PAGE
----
Enough with the facts- what does this mean for  you? I’m glad you asked! I am so so excited to have my personnummer! I have been twiddling my thumbs and now I can finally sign up for Swedish For Immigrants. Not knowing the language has been really daunting and now I can overcome that. I can also start looking for work, even if it is typically difficult to find work without knowing Swedish, it’s worth  the effort and I will feel better knowing I am trying. Also, I can get hurt or sick! Isn’t that GREAT!? No, really. Now that I am “in the system” I can access Swedish healthcare and I don’t have to worry about being in serious trouble if anything happens while I am here, and that is a big sigh of relief.

For now though, we celebrate with great food and sweet dessert! This is called a systerkaka or a Butterkaka (Sister cake/Butter cake) It is essentially cinnamon rolls cooked together to form a cake, with almond paste, egg custard, and icing or sugar.


9 thoughts on “To Kinda Quote a Famous Puppet: “And… and I’m… I’m real. I’m a real Person!”

  1. Hey, I just bumped into your blog and thought I’d leave a tip about learning swedish.
    Try dedicating a bit to learning the language as soon as possible, in that way you won’t feel as much of an excitement “dip” once the initial “Omg everything with sweden rocks”-phase is over. There are plenty of people who’ve been living in sweden for many years and still don’t speak swedish- don’t be one of them!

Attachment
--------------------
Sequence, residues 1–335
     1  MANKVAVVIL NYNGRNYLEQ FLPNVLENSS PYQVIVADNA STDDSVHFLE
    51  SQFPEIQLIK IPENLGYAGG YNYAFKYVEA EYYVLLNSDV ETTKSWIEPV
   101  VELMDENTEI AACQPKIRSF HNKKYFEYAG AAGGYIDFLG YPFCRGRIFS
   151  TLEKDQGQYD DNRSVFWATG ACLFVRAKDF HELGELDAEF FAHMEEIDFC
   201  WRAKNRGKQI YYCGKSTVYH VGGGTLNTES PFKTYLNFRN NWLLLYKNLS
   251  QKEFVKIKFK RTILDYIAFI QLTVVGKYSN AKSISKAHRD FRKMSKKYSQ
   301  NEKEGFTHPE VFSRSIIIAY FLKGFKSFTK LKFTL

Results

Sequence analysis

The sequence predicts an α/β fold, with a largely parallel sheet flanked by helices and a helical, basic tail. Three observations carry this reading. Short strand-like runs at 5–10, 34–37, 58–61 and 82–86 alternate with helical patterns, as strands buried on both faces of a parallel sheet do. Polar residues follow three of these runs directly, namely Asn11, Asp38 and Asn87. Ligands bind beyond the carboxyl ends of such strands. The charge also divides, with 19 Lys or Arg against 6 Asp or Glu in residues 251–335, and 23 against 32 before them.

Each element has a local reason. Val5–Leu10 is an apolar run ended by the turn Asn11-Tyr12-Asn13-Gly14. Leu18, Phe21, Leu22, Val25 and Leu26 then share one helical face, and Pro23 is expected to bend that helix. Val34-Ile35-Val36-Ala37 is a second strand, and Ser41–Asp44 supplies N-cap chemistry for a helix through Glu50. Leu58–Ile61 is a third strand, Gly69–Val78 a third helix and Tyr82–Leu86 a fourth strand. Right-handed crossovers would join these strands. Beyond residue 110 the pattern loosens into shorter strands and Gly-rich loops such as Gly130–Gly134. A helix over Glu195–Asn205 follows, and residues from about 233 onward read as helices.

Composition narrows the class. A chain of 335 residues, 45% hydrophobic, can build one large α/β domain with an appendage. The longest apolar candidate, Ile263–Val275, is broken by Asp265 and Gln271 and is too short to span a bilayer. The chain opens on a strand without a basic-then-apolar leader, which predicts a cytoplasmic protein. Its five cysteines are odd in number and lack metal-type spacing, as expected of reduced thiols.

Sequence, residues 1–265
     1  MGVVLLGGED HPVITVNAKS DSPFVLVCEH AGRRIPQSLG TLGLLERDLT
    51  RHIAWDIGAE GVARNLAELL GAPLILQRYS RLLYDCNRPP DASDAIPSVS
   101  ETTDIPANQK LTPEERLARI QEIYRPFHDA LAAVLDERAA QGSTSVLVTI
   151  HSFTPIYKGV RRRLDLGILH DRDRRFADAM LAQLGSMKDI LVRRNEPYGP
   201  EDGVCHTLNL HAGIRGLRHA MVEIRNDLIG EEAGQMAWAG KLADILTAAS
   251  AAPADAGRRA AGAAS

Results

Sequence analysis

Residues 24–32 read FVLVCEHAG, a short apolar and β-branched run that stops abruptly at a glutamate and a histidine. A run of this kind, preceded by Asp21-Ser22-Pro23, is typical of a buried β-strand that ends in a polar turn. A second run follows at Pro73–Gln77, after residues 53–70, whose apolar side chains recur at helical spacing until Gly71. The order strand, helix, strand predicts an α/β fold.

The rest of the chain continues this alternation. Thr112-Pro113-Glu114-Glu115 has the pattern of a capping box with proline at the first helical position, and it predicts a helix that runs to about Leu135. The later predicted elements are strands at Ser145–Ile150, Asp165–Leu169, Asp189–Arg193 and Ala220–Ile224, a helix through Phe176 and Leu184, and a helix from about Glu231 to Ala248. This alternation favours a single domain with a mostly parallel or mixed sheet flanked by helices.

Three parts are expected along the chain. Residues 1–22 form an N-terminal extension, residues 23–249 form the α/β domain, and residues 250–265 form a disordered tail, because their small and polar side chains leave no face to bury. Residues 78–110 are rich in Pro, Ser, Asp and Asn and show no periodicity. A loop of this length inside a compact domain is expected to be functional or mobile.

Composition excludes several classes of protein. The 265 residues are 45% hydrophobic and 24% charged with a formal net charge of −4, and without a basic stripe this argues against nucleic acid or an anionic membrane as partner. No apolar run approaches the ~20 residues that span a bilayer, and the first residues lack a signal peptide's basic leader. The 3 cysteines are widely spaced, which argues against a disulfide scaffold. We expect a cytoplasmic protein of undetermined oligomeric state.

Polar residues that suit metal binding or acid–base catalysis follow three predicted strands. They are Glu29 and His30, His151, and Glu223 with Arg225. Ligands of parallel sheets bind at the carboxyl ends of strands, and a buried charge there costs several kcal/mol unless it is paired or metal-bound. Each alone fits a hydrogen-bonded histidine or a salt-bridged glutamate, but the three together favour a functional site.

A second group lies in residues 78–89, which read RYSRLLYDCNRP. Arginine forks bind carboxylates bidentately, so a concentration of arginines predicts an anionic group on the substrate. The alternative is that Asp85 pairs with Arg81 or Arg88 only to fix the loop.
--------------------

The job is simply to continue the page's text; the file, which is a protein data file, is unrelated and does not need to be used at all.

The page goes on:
You can try pimsleur (, which I find really helpfull (though I’m learning chinese and not swedish).
    Also check out for some inspiration and tips.

    Good Luck!:)

    • Thank you! Yea, I have dedicated some time to it before, I have Rosetta stone and a few books- I just haven’t been in the study mode lately. Being in NY I am used to so many people not even trying to learn English, its rather sad and rude. I will certainly take a peak at those websites! Every little bit helps!

  2. CONGRATULATIONS, MEGALAGOM, to becoming a REAL person!

  3. Great entry and extremely informative, I especially love the whole “I can now get sick” part, it’s so true. How’s the weather over there? It hit 61 today. 😀

  4. Congrats on your personnummer!

    I picked up my ID card a couple weeks back (may of told you already!) and am waiting to hear from the bank about bank account.

    Have started learning the language at home, practicing the 29 letter alphabet and Im getting there, Daddy has to be able to teach his soon to be new born! 🙂

    Thanks for sharing the info on how the number is made up, never gave it any thought so it’s interesting to know. We woke with clear blue skies today and within an hour, it is snowing heavily!

  5. Grattis, måste kännas som en lättnad för dig! ( Congratulations, it must feel like such a relief for you!)

  6. Pingback: Swedish for Immigrants: “svenskundervisning för invandrare” « Something Swedish

  7. Pingback: First Job Interview In Sweden « Something Swedish